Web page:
In the Middle Ages the heart of Jesus became a specific object of adoration as the center and wellspring of Jesus’ passionate and infinite love for us. The Sacred Heart also represented the woundedness of Jesus’ heart, both the physical wound incurred to his physical heart on the cross (by the centurion’s spear), and the spiritual wound of a love so great that he gave up his life because of it, even while his love is scorned by those for whom it was generously given.
This dual yet united aspect of the Sacred Heart, both passionately loving and being painfully wounded by love, is clearly seen in a mystical text entitled “Vitis mystica” that is attributed to St. Bernard of Clairvaux. A quote from this text reads,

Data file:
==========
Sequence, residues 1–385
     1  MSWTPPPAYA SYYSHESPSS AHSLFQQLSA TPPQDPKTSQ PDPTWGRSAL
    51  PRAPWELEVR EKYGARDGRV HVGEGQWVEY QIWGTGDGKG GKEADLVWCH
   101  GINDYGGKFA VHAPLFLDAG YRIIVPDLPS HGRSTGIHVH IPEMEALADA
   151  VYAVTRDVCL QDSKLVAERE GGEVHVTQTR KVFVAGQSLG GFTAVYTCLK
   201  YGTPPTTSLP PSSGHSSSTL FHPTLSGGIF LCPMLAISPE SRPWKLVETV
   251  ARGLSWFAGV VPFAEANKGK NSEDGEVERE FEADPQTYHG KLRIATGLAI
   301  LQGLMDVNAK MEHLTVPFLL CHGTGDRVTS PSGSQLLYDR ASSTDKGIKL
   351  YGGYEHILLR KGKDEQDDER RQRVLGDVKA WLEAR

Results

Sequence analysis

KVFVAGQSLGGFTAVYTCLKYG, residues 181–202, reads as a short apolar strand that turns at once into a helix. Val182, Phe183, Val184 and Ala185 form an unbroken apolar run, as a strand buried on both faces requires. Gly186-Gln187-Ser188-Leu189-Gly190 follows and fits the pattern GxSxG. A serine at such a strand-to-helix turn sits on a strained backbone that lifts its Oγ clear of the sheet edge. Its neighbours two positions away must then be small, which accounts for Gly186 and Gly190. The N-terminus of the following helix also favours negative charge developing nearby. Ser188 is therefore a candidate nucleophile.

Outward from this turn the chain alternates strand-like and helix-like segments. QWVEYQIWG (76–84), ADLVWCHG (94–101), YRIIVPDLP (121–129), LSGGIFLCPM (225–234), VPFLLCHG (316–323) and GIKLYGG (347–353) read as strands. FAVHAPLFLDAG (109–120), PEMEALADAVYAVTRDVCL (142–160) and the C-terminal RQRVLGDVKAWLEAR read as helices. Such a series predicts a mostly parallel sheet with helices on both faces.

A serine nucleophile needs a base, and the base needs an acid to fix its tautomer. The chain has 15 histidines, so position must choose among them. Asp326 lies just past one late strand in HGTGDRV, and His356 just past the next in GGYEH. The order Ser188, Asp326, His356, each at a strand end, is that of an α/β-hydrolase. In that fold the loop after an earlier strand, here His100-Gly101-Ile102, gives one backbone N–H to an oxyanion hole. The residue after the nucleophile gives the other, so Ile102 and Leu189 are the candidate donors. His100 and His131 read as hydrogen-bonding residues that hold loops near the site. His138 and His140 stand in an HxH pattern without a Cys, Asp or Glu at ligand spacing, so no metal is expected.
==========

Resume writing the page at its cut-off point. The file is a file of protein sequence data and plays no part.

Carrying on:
“They dug therefore, and they dug through not only His hands, but also His feet, yea, and His side also; and the very recesses of His most sacred Heart, they pierced with the spear of rage, though it had already been wounded with the spear of love. ‘Thou hast wounded,’ says the Spouse in the Canticles of love, “thou hast wounded my Heart, my sister, my spouse.’ O Lord Jesus, Thy spouse, Thy love, Thy sister has wounded Thy Heart. Why then was it necessary that that Heart should be wounded further by Thine enemies?”
A devotion to the Sacred Heart was thus twofold; one, it adored the infinite and self-giving love of Jesus, and two, this adoration was given to Jesus’ heart in reparation for the disdain, rejection, and coldness his loving heart endured from others.